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Judy Dworin Project brings hope to incarcerated individuals

Published on February 22, 2021

Judy Dworin Project brings hope to incarcerated individuals

Judy Dworin, founder of The Judy Dworin Performance Project (JDPP)The Judy Dworin Performance Project (JDPP) presented a workshop at Eastern Connecticut State University on Feb. 17 as part of the campus’s weekly University Hour series. The workshop, which focused on bridging the gap between creative expression and social justice, offered a range of information on the JDPP to Eastern students and faculty. JDPP was founded in 1989 and has since worked with schools and prisons in Connecticut.

During the hour-long Zoom call, founder Judy Dworin, teaching artists and members of a variety of programs spoke of their experiences. Dworin, who started the project to fulfill her commitment to the arts and its impact on the world, said the goal of the project was to “reach unheard voices.” Originally starting with schools, the group began working with prison populations in 2005, predominately with York Correctional Institute, the only state prison for women in Connecticut. “I think that work has taught all of us who teach the magnitude of difficulty for those in prison and the talent that exists within them,” said Dworin. With a variety of activities including Tai Chi, dance and spoken-word poetry, project members use self-expression as a way to heal.

JDPP programs include a variety of opportunities for families with incarcerated members. Both York Moms & Kids and Dads & Kids at the Cybulski Reintegration Center work with families to build relationships between incarcerated parents, their children and caregivers. Sessions include talent shows, shared lunches, Mother’s Day visits and art activities planned by parents and JDPP staff.

Another program is New Beginnings, a workshop designed for those recently released from incarceration to help with reintegrating into society. The program had 11 students this year, the highest number to date. With two sessions a year, and three months to prepare for performances, members can dedicate time to self-improvement and care. “It brought me out of a shell of ignorance,” says New Beginnings member Karen. Participant Elle said, “The program is life changing, it creates, it heals.”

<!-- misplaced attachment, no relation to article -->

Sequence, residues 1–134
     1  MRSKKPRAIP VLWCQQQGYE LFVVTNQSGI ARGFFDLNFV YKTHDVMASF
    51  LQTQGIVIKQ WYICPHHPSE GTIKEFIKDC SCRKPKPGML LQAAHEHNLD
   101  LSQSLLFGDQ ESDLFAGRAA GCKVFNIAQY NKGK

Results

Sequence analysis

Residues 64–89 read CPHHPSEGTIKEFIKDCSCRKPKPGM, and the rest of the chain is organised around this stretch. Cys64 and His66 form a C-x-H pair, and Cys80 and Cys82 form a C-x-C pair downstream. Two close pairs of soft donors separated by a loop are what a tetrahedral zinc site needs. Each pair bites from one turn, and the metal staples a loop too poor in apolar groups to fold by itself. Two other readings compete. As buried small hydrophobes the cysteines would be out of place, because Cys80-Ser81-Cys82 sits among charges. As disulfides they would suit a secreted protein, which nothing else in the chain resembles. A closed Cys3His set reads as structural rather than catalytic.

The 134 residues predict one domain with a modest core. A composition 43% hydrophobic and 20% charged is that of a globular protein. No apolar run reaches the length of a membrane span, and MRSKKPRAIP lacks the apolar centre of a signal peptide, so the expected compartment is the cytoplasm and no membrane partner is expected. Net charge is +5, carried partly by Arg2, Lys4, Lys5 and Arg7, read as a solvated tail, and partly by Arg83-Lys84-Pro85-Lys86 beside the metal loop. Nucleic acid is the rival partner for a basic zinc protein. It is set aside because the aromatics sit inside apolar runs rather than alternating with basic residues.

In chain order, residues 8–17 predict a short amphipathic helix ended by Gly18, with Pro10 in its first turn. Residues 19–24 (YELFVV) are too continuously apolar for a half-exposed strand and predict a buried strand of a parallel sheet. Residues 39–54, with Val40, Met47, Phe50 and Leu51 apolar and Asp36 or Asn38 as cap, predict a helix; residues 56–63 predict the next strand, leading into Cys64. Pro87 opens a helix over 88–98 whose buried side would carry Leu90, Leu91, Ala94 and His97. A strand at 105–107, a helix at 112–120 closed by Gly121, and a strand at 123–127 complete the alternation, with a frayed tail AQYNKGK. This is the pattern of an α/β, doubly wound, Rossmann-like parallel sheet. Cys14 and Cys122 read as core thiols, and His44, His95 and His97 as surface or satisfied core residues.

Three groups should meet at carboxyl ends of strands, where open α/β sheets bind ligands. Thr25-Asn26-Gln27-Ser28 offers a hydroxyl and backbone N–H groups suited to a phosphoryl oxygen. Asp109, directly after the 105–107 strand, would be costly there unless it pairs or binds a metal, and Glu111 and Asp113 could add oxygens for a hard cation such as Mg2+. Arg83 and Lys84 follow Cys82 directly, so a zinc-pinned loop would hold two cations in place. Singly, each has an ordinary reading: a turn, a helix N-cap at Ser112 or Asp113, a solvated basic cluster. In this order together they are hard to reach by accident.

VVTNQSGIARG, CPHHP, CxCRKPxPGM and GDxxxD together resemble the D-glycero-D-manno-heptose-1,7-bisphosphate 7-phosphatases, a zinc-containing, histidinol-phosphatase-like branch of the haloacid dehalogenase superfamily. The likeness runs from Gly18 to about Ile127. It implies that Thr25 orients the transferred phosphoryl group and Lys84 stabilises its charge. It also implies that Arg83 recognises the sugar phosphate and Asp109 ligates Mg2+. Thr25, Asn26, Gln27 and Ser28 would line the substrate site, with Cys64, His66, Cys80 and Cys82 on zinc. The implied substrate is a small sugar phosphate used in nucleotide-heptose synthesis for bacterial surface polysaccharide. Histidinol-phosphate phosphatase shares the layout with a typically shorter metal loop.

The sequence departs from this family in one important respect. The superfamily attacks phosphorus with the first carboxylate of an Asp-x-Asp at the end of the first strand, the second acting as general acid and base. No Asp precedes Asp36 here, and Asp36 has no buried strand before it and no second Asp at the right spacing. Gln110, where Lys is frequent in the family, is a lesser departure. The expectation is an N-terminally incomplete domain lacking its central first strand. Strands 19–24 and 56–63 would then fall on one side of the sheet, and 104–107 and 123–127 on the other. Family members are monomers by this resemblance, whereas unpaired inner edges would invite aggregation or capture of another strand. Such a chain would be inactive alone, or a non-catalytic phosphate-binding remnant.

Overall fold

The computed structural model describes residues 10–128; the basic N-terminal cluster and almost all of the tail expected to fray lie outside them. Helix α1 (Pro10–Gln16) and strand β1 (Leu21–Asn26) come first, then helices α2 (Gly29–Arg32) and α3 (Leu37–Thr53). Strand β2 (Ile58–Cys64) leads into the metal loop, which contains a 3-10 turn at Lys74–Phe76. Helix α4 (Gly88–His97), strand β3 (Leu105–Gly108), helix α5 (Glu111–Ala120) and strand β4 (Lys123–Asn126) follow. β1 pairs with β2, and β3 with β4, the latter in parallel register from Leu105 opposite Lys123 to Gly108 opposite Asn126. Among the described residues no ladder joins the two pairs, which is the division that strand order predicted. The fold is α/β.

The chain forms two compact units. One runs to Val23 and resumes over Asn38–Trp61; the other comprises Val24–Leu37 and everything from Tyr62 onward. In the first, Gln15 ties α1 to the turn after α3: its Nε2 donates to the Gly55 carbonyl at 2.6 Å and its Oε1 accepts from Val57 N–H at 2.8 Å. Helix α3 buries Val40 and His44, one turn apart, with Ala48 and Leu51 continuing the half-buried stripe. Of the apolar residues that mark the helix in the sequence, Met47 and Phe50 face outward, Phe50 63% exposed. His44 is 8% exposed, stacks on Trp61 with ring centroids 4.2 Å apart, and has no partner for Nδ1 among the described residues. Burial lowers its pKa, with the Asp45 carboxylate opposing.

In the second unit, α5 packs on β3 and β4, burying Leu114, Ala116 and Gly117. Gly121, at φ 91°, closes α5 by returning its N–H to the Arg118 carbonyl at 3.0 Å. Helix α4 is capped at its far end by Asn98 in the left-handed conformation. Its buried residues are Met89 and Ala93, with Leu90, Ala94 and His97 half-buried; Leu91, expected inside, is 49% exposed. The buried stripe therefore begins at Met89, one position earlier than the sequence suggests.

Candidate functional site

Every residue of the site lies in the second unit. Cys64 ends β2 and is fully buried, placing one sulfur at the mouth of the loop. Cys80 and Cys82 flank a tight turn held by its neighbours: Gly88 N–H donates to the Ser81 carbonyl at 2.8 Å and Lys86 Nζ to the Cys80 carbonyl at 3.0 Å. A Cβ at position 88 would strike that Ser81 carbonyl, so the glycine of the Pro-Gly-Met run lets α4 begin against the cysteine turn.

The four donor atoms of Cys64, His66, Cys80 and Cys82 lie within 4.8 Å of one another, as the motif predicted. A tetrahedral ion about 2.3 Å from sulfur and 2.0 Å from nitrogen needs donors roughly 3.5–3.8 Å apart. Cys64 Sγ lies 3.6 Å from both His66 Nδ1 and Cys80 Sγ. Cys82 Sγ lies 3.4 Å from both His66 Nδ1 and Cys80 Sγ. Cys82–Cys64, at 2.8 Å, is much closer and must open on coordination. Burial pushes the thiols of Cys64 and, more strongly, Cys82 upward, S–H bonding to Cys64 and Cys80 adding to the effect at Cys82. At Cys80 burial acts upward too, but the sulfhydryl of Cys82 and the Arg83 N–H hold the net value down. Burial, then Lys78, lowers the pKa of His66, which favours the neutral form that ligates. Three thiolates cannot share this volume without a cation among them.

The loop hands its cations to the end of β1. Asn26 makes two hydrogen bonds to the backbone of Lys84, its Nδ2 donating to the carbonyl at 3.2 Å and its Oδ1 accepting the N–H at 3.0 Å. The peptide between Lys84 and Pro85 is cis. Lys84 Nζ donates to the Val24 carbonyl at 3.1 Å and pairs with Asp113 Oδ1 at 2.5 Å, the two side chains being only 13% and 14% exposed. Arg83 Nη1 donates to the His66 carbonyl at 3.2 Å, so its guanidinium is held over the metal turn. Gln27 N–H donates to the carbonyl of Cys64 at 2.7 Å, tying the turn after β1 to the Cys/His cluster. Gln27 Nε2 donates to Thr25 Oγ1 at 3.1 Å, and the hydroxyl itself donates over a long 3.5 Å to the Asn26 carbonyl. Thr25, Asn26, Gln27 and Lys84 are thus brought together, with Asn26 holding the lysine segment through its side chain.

The workshop also included presentations of past performances, as well as life showings of members’ works, including Tyran, who performed his piece “Windows” and said the program “opened my heart.”

During the workshop, Dworin acknowledged the impact COVID-19 has had on the program. “Connection is really pivotal at this time, and at all times. Our experiences being isolated from family is what it’s like for people in prisons every day.” She said that while the pandemic has challenged them, it also has allowed for opportunities that otherwise would not be available. Now, members are sent prompts to continue their writing, and correspond virtually to practice for upcoming performances. The virtual setting has also allowed for connections with those who are out of state and has helped to spread JDPP’s mission.

When asked how JDPP has made connections and grown over the years, Dworin said that they have had help from many outside sources: “Former Governor Malloy put incarceration in the foreground as an issue, and we caught that wind at York.” She continued by saying that the national crisis of mass incarceration is becoming more serious.  “We can’t ignore it any longer, some of these problems are just going to explode. Mass incarceration impacts an unfortunately high and unfair number of black and brown people,” and is an issue people need to pay attention to.

This University Hour event was sponsored by Professor Theresa Severance of the Criminology Program and Professor Alycia Bright-Holland of the Theatre Program. To learn more about JDPP, visit:

Written by Molly Boucher